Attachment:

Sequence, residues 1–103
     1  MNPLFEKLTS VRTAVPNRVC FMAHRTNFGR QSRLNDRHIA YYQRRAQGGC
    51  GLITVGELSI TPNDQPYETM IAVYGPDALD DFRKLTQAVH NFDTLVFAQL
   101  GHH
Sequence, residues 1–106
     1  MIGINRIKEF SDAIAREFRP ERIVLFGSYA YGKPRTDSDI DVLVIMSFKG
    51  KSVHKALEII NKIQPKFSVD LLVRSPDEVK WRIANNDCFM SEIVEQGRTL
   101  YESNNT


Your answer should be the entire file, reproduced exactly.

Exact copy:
Sequence, residues 1–103
     1  MNPLFEKLTS VRTAVPNRVC FMAHRTNFGR QSRLNDRHIA YYQRRAQGGC
    51  GLITVGELSI TPNDQPYETM IAVYGPDALD DFRKLTQAVH NFDTLVFAQL
   101  GHH
Sequence, residues 1–106
     1  MIGINRIKEF SDAIAREFRP ERIVLFGSYA YGKPRTDSDI DVLVIMSFKG
    51  KSVHKALEII NKIQPKFSVD LLVRSPDEVK WRIANNDCFM SEIVEQGRTL
   101  YESNNT